Utah Teacher Finds His Passion in Making Social Studies Relevant Again
Teaching American History (TAH) seminars, offered around the country in cooperation with local schools and school districts, give social studies teachers professional development opportunities they can find nowhere else. Unlike most professional development, TAH seminars focus on history and government, not on teaching technique. And unlike the few other content-based options, TAH seminars are not lectures. “They’re discussions,” says Jesse Roberts, who teaches US history and government at Spanish Fork High School (near Provo, Utah). They model a way of engaging students in the study of America that inspires Roberts to stay in the classroom.
A few years ago, Roberts had resigned himself to pursuing a Masters in Educational Administration. Moving into administration would provide a substantial pay bump, allowing him to retire from a second job he’s done since he began teaching fifteen years ago: fighting wildland fires during the dry Utah summers. Downplaying the pride he takes in protecting public lands, Roberts says simply that, as a father of five, he needs the supplement to his income.
Remembering Why He Chose to Teach
Roberts now plans to pursue a Masters in his content area. TAH seminars have reminded him why he chose a teaching career in the first place. At Brigham Young University, he’d confessed to his freshman history teacher that he was miserable in the classes required for his planned business major. The professor advised him, “Look, if you do what you like to do, you won’t grow rich, but you will make enough.”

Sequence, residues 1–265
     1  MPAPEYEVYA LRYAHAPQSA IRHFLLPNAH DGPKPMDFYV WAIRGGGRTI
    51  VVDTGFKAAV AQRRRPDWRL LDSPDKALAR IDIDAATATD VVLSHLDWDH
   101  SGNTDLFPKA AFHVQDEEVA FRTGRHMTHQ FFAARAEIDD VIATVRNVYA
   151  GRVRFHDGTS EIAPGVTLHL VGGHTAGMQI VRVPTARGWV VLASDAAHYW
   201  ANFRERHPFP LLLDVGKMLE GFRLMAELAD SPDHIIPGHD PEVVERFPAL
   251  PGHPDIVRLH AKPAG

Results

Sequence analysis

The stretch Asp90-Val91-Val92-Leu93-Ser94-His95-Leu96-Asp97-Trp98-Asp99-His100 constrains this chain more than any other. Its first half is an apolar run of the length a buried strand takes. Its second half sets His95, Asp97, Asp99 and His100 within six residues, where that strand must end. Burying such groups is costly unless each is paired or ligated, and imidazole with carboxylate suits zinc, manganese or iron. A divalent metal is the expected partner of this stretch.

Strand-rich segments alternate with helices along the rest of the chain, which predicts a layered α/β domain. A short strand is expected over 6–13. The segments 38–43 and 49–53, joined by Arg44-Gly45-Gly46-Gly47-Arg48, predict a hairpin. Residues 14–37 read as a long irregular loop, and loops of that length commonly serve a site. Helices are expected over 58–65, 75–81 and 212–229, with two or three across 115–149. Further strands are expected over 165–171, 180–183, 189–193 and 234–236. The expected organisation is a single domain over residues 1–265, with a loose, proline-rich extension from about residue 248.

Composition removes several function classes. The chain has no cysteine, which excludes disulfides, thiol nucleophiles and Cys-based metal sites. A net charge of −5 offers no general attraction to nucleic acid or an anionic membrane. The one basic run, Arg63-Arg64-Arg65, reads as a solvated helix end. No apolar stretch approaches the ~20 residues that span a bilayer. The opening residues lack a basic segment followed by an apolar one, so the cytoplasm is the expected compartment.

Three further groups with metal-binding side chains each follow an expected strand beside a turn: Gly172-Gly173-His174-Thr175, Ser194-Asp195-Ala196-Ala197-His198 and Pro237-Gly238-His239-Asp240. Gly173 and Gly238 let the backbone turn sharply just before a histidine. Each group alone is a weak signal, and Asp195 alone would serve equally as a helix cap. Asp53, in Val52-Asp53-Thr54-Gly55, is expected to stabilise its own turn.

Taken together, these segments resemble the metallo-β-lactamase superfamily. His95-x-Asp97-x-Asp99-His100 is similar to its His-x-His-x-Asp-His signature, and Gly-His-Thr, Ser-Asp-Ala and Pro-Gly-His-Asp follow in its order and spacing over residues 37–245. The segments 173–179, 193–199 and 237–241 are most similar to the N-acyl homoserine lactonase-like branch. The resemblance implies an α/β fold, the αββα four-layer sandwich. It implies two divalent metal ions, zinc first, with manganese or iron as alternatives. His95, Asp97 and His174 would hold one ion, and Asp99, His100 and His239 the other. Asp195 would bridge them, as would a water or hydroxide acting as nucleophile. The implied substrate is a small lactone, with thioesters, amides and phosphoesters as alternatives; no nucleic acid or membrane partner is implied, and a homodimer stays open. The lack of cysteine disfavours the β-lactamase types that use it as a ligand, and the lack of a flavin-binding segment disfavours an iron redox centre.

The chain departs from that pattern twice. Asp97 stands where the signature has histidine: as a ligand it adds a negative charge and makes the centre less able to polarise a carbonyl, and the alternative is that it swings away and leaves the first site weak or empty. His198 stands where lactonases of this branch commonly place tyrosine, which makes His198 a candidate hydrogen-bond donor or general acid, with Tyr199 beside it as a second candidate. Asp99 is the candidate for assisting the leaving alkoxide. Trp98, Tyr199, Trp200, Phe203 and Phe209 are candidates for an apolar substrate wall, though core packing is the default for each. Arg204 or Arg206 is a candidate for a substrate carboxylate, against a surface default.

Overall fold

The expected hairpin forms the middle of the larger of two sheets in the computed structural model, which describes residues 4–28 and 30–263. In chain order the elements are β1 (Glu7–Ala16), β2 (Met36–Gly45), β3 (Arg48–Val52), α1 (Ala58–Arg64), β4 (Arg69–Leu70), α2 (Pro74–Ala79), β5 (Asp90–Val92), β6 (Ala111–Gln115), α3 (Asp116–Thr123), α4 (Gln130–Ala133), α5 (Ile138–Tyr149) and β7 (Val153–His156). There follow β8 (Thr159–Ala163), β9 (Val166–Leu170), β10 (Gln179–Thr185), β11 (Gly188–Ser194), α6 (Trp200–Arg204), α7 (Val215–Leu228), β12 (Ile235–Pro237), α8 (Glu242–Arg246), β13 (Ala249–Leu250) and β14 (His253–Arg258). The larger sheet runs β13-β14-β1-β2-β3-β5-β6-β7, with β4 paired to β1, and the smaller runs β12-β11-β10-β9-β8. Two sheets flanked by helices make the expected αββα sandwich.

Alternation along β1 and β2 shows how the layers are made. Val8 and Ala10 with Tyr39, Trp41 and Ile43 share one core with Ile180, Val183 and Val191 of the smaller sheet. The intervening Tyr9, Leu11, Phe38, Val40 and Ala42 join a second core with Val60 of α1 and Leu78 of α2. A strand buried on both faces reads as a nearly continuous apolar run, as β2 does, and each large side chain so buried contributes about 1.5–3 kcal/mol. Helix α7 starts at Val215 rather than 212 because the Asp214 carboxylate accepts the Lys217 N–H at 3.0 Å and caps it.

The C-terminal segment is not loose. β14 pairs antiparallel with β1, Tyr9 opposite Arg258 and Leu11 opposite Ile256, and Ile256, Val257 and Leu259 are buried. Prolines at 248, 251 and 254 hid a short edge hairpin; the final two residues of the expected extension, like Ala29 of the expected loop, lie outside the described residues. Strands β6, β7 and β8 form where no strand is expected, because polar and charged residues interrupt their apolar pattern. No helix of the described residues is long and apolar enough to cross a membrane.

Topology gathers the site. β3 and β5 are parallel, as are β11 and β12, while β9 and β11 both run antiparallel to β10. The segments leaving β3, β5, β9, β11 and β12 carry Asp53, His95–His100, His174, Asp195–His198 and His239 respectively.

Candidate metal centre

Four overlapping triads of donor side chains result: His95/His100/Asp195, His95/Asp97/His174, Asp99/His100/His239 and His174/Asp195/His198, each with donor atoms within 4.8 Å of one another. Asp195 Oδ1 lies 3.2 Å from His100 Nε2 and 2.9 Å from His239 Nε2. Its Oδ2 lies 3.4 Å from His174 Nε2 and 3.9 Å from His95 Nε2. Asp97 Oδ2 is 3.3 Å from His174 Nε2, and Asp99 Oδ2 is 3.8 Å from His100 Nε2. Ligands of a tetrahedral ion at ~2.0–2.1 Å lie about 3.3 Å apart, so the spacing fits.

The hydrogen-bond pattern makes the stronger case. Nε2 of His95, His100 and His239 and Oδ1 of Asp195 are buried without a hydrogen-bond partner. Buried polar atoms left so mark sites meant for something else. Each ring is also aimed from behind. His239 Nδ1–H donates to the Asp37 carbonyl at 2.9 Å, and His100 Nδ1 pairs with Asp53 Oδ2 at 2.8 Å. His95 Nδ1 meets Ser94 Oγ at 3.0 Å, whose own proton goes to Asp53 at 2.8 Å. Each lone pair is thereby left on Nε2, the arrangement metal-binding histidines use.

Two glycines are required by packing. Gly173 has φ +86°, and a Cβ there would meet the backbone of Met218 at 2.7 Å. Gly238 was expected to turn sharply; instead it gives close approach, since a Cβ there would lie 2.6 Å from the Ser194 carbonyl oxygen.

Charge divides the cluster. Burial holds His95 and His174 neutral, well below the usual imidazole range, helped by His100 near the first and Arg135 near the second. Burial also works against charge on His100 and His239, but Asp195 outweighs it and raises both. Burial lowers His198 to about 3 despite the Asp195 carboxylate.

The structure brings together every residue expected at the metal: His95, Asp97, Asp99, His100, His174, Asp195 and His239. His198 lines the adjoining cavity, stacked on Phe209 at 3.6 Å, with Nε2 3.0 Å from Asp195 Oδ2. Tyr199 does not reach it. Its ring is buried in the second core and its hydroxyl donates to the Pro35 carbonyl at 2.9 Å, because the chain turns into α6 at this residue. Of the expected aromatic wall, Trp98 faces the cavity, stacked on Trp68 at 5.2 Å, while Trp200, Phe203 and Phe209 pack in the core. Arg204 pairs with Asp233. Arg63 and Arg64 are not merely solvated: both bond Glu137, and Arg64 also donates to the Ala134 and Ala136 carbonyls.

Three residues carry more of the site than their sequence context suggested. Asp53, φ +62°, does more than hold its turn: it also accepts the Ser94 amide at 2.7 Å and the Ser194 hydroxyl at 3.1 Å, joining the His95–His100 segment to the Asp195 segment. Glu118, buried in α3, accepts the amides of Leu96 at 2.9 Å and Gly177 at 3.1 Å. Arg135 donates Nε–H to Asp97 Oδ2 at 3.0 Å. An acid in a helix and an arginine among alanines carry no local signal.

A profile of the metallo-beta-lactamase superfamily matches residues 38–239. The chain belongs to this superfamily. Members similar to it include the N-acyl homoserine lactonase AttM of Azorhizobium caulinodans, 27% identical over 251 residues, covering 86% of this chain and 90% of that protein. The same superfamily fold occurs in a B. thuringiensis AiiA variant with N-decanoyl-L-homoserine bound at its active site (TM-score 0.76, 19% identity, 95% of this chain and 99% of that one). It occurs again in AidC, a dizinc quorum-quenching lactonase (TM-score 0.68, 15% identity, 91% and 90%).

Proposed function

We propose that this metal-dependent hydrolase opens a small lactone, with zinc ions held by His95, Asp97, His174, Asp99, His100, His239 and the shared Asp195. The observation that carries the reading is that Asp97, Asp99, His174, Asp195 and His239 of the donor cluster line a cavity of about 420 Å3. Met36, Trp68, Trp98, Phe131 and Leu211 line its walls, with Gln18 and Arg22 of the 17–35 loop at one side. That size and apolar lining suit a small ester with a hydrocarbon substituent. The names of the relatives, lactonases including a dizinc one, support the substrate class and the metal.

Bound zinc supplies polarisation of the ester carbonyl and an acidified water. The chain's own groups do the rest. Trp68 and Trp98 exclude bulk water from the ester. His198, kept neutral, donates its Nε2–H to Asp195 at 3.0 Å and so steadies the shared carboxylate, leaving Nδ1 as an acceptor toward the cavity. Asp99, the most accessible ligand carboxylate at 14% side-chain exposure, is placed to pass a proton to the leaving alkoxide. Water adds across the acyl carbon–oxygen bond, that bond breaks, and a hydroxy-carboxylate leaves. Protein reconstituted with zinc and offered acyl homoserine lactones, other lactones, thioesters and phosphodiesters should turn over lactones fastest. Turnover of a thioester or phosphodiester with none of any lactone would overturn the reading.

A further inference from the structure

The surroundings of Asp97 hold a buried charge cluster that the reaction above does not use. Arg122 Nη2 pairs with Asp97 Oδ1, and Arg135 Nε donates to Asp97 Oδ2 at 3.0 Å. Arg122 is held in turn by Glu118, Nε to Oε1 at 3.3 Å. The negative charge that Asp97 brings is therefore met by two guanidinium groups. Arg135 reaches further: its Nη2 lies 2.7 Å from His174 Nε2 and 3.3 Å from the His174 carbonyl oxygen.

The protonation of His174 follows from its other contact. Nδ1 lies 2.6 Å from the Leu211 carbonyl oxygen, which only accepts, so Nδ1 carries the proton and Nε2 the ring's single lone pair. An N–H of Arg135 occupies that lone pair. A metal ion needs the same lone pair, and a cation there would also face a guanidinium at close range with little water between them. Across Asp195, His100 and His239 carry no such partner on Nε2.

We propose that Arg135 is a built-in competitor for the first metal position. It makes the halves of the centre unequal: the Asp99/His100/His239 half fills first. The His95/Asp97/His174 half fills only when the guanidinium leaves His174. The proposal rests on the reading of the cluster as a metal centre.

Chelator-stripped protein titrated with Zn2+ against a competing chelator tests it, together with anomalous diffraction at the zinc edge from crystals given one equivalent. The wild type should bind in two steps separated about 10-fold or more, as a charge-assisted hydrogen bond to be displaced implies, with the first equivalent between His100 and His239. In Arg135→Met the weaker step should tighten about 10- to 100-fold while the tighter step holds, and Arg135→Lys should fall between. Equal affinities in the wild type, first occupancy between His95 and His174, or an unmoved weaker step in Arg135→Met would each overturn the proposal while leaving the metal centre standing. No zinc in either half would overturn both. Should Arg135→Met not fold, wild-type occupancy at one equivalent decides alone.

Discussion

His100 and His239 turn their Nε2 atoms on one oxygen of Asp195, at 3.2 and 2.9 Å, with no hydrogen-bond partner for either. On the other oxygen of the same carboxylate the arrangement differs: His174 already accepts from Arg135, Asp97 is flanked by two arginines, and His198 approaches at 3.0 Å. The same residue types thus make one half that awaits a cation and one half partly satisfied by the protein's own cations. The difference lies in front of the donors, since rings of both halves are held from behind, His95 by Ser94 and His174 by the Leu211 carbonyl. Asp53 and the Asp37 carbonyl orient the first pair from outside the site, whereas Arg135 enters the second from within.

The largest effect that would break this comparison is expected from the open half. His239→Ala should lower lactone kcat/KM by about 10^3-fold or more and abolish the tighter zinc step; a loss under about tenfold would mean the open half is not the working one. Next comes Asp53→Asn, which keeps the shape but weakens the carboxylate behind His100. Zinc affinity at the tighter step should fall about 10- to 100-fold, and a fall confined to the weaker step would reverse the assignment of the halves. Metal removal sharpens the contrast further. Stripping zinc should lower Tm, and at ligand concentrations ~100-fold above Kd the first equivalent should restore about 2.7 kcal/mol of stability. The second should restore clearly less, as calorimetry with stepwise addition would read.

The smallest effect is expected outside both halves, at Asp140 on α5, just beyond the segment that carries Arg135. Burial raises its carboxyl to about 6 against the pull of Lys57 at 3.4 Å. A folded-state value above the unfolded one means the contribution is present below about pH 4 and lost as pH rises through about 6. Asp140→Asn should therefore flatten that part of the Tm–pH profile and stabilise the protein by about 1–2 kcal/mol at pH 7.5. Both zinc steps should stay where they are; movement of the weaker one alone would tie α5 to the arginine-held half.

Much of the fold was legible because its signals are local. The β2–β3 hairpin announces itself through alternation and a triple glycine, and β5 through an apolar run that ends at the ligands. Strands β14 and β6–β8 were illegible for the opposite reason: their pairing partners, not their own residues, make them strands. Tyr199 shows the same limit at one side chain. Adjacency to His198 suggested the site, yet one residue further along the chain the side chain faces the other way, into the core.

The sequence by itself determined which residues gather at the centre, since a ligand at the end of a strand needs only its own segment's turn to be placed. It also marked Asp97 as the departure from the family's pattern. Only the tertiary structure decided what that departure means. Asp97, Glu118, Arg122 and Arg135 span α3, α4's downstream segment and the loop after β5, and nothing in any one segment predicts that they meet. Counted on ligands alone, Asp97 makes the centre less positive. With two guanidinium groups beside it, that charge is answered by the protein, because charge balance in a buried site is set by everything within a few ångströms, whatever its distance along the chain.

Roberts took the advice, choosing work he enjoys and thinks worth doing. “We need more good teachers,” he says, and while “the female teachers I’ve worked with are awesome,” young people also need steady male role models. More important, Roberts wants to remedy a neglect of social studies occurring as more and more resources are funneled to STEM—education in science, technology, engineering and math. These subjects ready students for jobs that enhance human safety and comfort. Yet students should also “learn the lessons of the past,” Roberts says.
The Two Skills Students Need for Citizenship
Roberts has attended one-day seminars on American political parties, the Civil Rights era, and the motives linking FDR’s New Deal and LBJ’s Great Society to the early 20th century Progressive movement. The last course covered concepts he’d not studied much before. He gained valuable information—yet he valued more the seminars’ focus on analyzing information. Roberts sees it as his job to teach this skill.
All TAH seminars model the analysis of primary documents—the letters, speeches, transcripts of debates, and other records left by those who lived through the history they write about. Reading these firsthand accounts, students learn to analyze historical evidence. They gain analytical skills they’ll apply both in the workplace and in their civic lives, as they analyze candidate platforms or prepare for political caucuses.
TAH seminars also model the second skill Roberts teaches: “how to interact socially.” He is drawn to TAH seminars because of their conversational design. Participants, who are sent a packet of readings prior to the session, arrive prepared to discuss them. A professor specialist opens the seminar with brief remarks on the documents’ historical context. Then he poses a question about the first reading. From that point, “the conversation can go in so many directions. I don’t know that I’ve gone to a single one where we’ve gotten through all the readings,” Roberts says, since discussion on a single document can become intense.